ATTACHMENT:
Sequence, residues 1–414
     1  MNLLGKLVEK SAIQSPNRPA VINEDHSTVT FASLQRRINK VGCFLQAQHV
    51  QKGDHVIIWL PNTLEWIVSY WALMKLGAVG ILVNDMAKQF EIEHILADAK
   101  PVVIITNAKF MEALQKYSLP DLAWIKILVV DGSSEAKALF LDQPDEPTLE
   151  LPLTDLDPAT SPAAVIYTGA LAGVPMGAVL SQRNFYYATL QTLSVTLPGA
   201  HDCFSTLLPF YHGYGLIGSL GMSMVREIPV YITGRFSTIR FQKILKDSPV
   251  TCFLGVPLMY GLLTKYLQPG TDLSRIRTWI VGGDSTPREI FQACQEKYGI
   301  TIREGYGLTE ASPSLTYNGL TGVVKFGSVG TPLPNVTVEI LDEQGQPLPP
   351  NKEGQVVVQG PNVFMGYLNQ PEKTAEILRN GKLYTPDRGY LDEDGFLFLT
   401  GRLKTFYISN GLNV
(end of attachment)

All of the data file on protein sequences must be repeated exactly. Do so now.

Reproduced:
Sequence, residues 1–414
     1  MNLLGKLVEK SAIQSPNRPA VINEDHSTVT FASLQRRINK VGCFLQAQHV
    51  QKGDHVIIWL PNTLEWIVSY WALMKLGAVG ILVNDMAKQF EIEHILADAK
   101  PVVIITNAKF MEALQKYSLP DLAWIKILVV DGSSEAKALF LDQPDEPTLE
   151  LPLTDLDPAT SPAAVIYTGA LAGVPMGAVL SQRNFYYATL QTLSVTLPGA
   201  HDCFSTLLPF YHGYGLIGSL GMSMVREIPV YITGRFSTIR FQKILKDSPV
   251  TCFLGVPLMY GLLTKYLQPG TDLSRIRTWI VGGDSTPREI FQACQEKYGI
   301  TIREGYGLTE ASPSLTYNGL TGVVKFGSVG TPLPNVTVEI LDEQGQPLPP
   351  NKEGQVVVQG PNVFMGYLNQ PEKTAEILRN GKLYTPDRGY LDEDGFLFLT
   401  GRLKTFYISN GLNV